Google’s Gboard keyboard app for Android is tossing a bone to people who use foldable phones with a split keyboard mode.
It strives to make it less discomfiting and a little more ergonomic to type on the large, expanded screens of the Microsoft Surface Duo 2 or Samsung Galaxy Z Fold 3.
The split keyboard mode crops the keyboard in half, setting all the keys near the two edges of the foldable phone, much nearer to where your thumbs may inherently rest while you hold the device. And while Samsung’s keyboard app already delivers this feature to Z Fold phones, some Android users choose Gboard’s typing experience and auto-correct implementation.
Android Central was first to choose up on the r/GalaxyFold subreddit locating the feature’s quiet inclusion. If you want to try this out, enroll in the beta by visiting the app’s page on your device’s Google Play Store. This feature will arrive with the beta version 11.9.04. Unfortunately, if you aren’t noticing it in your app, you may have to stay for Google to flip a server-side switch before you can access it.
You’ll know you have it when the toolbar above your foldable’s on-screen keyboard shows a split keyboard icon. Pressing it will split the keyboard, and that icon will be replaced by an icon that can pull the two halves of the keyboard back together.
You can see two photos of the split keyboard on foldable phones above. One from a Galaxy Z Fold 3 and one from the Surface Duo 2, a device is, despite arriving with a thud in late 2021, has improved enough to be much more convincing in 2022. And now, it’s easier than ever to type on.
Gboard is a virtual keyboard app conceived by Google for Android and iOS devices. It was foremost unleashed on iOS in May 2016, pursued by a release on Android in December 2016, debuting as an essential update to the already-known Google Keyboard app on Android.
Gboard characteristics Google Search, including web results and predictive keys, comfortable searching and sharing of GIF and emoji content, a predictive typing engine offering the next word depending on the context, and multilingual language support. In addition, updates to the keyboard have enabled extra functionality, including GIF suggestions, choices for a dark color theme or adding a personal photo as the keyboard background, support for voice dictation, next-phrase forecast, and hand-drawn emoji praise.
At the time of its liftoff on iOS, the keyboard only offered support for the English language, with more languages slowly added in the following months. In contrast, on Android, the keyboard supported more than 100 languages at the release time.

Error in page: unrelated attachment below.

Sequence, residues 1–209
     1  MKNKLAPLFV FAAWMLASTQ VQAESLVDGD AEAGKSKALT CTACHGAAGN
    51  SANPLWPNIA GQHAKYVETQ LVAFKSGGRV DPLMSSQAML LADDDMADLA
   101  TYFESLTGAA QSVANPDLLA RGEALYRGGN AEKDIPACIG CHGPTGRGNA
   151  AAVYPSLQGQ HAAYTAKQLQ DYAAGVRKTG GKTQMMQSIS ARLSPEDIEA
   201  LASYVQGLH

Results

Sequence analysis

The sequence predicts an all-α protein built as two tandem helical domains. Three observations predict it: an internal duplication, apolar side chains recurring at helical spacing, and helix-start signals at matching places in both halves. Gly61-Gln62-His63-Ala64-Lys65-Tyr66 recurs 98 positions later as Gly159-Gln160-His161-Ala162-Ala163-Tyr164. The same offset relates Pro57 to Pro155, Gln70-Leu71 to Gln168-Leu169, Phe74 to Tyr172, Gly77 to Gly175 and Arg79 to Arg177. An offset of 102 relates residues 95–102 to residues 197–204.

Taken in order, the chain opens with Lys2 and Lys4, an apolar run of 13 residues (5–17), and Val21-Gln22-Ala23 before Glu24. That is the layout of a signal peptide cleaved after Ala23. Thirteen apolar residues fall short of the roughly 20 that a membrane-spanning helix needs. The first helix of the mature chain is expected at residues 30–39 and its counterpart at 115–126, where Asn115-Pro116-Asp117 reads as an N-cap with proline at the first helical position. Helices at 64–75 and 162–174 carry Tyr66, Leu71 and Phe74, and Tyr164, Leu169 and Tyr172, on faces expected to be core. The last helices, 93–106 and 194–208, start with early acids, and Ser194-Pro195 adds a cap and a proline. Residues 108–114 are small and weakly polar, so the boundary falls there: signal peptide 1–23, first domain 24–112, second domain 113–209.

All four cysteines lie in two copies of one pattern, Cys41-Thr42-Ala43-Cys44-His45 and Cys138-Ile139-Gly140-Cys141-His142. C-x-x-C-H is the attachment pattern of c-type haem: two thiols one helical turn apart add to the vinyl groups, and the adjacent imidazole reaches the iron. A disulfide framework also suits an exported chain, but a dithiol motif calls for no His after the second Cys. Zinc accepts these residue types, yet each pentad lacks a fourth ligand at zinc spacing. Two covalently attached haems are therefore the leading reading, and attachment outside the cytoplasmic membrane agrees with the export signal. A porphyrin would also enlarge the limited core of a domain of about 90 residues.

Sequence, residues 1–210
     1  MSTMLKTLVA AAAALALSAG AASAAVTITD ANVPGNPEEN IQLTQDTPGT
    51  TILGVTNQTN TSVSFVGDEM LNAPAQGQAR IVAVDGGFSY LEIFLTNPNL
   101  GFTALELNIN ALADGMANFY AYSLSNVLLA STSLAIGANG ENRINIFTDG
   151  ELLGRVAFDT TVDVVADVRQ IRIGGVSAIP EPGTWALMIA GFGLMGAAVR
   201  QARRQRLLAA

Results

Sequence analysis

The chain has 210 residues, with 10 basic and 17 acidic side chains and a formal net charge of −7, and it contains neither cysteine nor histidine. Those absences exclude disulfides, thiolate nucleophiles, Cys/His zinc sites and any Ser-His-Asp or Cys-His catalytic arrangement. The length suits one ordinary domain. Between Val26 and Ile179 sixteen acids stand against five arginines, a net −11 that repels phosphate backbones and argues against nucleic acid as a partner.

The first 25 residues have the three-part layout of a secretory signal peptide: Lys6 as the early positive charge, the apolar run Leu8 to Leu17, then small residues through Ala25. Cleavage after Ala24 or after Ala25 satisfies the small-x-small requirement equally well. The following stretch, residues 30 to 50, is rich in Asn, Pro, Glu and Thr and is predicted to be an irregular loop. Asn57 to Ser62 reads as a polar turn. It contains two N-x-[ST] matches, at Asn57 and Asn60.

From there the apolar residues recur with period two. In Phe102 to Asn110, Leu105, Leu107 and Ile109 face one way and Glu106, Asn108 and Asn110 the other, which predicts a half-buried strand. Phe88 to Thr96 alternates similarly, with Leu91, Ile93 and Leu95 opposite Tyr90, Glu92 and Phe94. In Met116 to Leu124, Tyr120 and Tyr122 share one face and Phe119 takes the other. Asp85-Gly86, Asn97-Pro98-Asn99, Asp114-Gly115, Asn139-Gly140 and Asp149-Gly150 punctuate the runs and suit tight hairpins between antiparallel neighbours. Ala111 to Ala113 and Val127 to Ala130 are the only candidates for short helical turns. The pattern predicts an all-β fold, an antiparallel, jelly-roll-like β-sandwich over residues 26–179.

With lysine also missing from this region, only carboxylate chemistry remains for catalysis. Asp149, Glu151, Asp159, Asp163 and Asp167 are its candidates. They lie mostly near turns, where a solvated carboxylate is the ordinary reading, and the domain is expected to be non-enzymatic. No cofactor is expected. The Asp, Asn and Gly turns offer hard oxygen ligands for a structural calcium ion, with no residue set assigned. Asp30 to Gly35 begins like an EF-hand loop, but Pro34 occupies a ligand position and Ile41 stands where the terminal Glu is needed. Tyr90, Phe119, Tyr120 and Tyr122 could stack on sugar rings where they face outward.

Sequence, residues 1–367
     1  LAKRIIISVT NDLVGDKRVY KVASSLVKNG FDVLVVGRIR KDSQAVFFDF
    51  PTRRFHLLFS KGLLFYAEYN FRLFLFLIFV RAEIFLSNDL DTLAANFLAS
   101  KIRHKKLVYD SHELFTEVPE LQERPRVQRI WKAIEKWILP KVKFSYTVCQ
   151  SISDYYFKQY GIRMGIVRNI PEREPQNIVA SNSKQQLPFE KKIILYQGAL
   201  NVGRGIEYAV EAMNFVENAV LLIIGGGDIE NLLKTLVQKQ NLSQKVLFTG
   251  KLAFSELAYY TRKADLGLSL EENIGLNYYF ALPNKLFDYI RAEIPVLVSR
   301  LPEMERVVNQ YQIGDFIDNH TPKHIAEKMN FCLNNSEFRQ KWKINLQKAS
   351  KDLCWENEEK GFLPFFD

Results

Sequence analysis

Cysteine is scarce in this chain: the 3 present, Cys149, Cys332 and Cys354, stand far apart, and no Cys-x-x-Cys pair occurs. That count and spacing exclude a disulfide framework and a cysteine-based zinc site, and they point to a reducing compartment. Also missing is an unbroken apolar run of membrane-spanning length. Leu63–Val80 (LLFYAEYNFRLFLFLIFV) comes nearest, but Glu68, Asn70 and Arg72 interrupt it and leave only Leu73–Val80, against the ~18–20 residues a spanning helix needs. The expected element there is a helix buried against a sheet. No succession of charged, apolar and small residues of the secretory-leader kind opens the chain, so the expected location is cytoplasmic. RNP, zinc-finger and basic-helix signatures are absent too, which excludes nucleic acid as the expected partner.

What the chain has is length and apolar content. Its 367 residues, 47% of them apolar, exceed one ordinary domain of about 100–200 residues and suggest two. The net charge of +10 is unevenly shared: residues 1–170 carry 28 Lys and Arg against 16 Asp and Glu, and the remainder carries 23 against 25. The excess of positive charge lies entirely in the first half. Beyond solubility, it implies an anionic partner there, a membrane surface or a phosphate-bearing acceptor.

In August 2018, Gboard gave 1 billion installs on the Google Play Store, making it one of the most popular Android apps. It is measured by the Google Play Store and includes downloads by users as well as pre-installed instances of the app.
Gboard is a virtual keyboard app. It features Google Search, including web results and predictive answers, comfortable searching and sharing of GIF and emoji content, predictive typing engine delivering the next word relying on context.
Unfortunately, Gboard only supported the English vocabulary, while it supported “more than 100 languages” at the time of its takeoff on the Android platform at its May 2016 launch on iOS. Google says Gboard will add more languages “over the coming months.” 916 languages are supported as of October 2019.
Gboard features a Floating Keyboard and Google Translate in Gboard itself. In addition, Gboard supports one-handed mode on Android after its May 2016 update. This functionality was counted to the app when branded as Google Keyboard. Gboard supports various keyboard layouts, including QWERTY, QWERTZ, AZERTY, Dvorak, and Colemak.
An update for the iOS app unleashed in August 2016 added Italian, Portuguese, French, German, and Spanish. In addition, it offered “smart GIF suggestions,” where the keyboard will suggest GIFs relevant to written text. The keyboard also provides new options for a dark theme or adding a personal image from the camera roll as the keyboard’s background. Another recent update in March 2018 added Croatian, Finnish, Greek, Polish, Romanian, Balochi, Czech, Danish, Dutch, Swedish, Catalan, Hungarian, Latin American Spanish, Malay, Russian, and Turkish languages, along with support for voice dictation. In addition, it enables users to “long press the mic button on the space bar and talk.” Finally, in April 2017, Google significantly increased the number of Indian languages supported on Gboard, adding 11 new languages, obtaining the total number of supported Indian languages to 22.
The Android app was updated to support the recognition of hand-drawn emojis and the ability to forecast whole phrases rather than single words. The functionality is anticipated to come to the iOS app later. In addition, offline voice recognition was added in March 2019.
“Emoji Kitchen” was presented that lets users mash up different emojis and employ them as stickers when messaging on 12 February 2020, a new feature. In addition, grammar correction was introduced in October 2021, first on the Pixel 6 series.